This is the third and final part of my Calixtlahuaca series. In it, I will provide information about the archaeological site's museum artifacts and will also trace the region's history from the earliest times to the Spanish arrival.
Other ancient religious images
The first evidence of agricultural settlements around Calixtlahuaca dates to 1200 BC, although hunter-gatherer nomads had roamed the area for thousands of years previous to that. The people lived in small communities around the volcanic slopes of the small, extinct Cerro Tenismo, located about 2 km from modern Toluca. They supplemented their agricultural production with hunting and fishing. Their homes were made of perishable materials, but they did make decorated pottery, as well as small, clay, female figures. These may have represented a fertility goddess, perhaps an early version of Chicometeotl. These settlements were contemporaneous with the Olmec Civilization (1500 BC - 400 BC). Archaeologists have found a number of Olmec-style sculptures in the area, including chubby children with jaguar faces. These artifacts may indicate a trading relationship with the Olmec centers along the Gulf Coast, or possibly an actual Olmec presence. During the succeeding 2700 years, long-range trading networks were established that continued to function, up through the Spanish era. Some of the old trade routes have survived as 21st century roads.
For several hundred years after the Olmec Civilization disappeared, no other great civilization dominated the area. Then, around 100 AD, in the area northeast of modern Mexico City, Teotihuacan arose. Its appearance launched the pre-hispanic period's Classic Era. Like the Olmecs, Teotihuacan was a great trading civilization. Its capital city was very cosmopolitan and eventually reached 200,000 inhabitants, larger than any European city of its time. Teotihuacan became the dominant force, economically and militarily, throughout Mesoamerica. During the Classic Era, groups from Teotihuacan arrived in the Valley of Toluca. Vases, figurines, and sculptures in the Teotihuacan style begin to appear during this time, some possibly made locally. Before long, trade items that were definitely made in Teotihuacan began to arrive, including pottery, ceramics, and obsidian tools and jewelry. In return, the local people sent corn, lime, wood, and the products of the lakes and forests to Teotihuacan. The earliest phases of the Calixtlahuaca's Palace, the Tlaloc Complex, and the Temple of Ehecatl were built on the slopes of Cerro Tenismo in the Teotihuacan fashion.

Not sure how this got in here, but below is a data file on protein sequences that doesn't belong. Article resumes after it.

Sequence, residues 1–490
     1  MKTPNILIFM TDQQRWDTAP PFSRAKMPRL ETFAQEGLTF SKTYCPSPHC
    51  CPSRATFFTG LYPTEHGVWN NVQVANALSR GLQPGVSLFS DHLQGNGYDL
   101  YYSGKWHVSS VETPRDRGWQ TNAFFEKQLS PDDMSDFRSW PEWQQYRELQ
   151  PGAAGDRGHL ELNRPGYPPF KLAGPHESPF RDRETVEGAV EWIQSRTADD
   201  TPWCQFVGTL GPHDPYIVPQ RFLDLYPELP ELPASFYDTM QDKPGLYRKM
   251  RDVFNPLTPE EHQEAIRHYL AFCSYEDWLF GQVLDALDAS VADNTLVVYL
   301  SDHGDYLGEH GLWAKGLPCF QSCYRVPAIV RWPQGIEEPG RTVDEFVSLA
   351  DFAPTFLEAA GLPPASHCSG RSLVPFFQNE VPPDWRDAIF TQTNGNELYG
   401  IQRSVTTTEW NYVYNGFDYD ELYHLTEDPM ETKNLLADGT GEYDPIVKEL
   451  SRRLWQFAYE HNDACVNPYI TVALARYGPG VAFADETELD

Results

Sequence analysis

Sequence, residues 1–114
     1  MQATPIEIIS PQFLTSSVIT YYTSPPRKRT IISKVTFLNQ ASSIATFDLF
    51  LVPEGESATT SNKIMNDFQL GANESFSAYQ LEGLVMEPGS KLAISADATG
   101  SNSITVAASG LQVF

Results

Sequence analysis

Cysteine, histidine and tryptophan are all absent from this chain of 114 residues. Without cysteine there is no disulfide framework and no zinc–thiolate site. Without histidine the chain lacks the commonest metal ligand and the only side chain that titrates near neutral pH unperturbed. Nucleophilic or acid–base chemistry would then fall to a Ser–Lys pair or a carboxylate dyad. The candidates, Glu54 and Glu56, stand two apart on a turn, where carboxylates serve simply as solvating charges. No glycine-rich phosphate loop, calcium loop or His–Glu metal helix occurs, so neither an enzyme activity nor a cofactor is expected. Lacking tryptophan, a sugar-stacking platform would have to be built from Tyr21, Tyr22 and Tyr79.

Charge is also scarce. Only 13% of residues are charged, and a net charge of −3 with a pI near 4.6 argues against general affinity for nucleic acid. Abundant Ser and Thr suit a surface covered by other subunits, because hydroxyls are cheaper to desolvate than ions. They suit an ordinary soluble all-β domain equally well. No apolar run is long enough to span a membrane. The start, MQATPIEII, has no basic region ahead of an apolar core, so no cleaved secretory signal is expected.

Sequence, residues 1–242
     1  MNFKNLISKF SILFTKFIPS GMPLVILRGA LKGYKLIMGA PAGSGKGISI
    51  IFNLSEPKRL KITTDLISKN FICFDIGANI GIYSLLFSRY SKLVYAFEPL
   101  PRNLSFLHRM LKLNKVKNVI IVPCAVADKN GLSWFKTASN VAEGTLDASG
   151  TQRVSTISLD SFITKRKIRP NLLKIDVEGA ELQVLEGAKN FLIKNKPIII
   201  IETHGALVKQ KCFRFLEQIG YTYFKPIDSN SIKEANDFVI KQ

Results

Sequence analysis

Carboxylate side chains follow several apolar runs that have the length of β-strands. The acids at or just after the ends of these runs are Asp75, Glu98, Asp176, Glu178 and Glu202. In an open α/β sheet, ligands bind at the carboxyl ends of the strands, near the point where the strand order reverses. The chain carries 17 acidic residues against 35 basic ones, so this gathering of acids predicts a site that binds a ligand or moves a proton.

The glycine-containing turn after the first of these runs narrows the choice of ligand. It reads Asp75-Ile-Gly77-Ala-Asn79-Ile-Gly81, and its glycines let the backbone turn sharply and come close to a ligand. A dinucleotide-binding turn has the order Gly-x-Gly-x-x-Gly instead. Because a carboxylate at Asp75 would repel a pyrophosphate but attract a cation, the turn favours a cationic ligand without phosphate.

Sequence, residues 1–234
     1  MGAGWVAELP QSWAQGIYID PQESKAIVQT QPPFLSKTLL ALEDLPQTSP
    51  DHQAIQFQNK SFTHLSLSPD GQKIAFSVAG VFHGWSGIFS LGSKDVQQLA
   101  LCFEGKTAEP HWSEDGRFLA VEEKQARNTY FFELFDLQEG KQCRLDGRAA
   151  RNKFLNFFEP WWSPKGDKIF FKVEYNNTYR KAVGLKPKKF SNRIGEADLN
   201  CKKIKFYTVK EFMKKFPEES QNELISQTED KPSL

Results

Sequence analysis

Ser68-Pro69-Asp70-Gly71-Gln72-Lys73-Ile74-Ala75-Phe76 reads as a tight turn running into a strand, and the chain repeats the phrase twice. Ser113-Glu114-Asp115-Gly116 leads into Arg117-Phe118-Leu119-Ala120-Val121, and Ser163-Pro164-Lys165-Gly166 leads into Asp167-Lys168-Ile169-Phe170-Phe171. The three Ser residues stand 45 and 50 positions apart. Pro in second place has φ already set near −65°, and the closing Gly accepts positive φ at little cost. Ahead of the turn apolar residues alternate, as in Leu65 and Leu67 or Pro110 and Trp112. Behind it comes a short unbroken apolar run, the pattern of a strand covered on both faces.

Approximately 650 AD, the Teotihuacan Empire suddenly collapsed, possibly due to an internal revolt related to crop failures triggered by droughts which were, in turn, caused by deforestation. The period that followed, called the Epi-Classic Era (650 AD - 900 AD), is roughly equivalent to Dark Age Europe after the Roman Empire collapsed in the face of internal strife and external invasions. One effect of Teotihuacan's collapse was the dispersal of the huge city's population throughout the Valley of Mexico and beyond. A substantial number of these refugees settled on the slopes of Cerro Tenismo. Archaeologists digging on Cerro Tenismo have found double the number of Teotihuacan artifacts during the Epi-Classic compared to the Classic Era. Another effect of the collapse was a power vacuum into which tribes of fierce nomadic warriors from the north--the so-called Chichimecs--surged into the fallen empire's territory. The Matlazinca were one of these tribes and they took over the central part of the Toluca Valley, including the Teotihuacan town located on Cerro Tenismo. It eventually became their capital. The newcomers utilized the structures already there, sometimes building new temples over the old Teotihuacan versions. The Matlazinca town came to be known as Matlazinco, a name that it kept until the Aztecs destroyed it in the 15th century and built Calixtlahuaca atop of its ruins.
During the Epi-Classic Era, after a period of consolidation, Matlazinco and other up-and-coming city-states began to compete, both in trade and war. Existing Mesoamerican communities, along with others established by new arrivals, began to fortify themselves against further waves of barbarians. They also began to expand their economic spheres of influence by dominating key trade routes. Cacaxtla, in Tlaxcala State, north of modern Puebla, was a contemporary of Matlazinco. A mural at Cacaxtla shows a ferocious battle typical of the conflicts of the time. When the rising city-states weren't warring with one another, they were actively trading. Another Cacaxtla mural, painted in the Maya style, portrays a trader with his pack of goods propped up behind him. Archaeologist Michael Coe* believes this figure may be the Maya god L (Ek Chuah), the patron of merchant-traders. Along with other murals at Cacaxtla showing Maya influence, Coe believes the trader image indicates that group of Puuc Maya from Yucatan and the southern Gulf Coast were penetrating the former Teotihuacan Empire's territory from the south, even as the Chichimecs moved down from the north.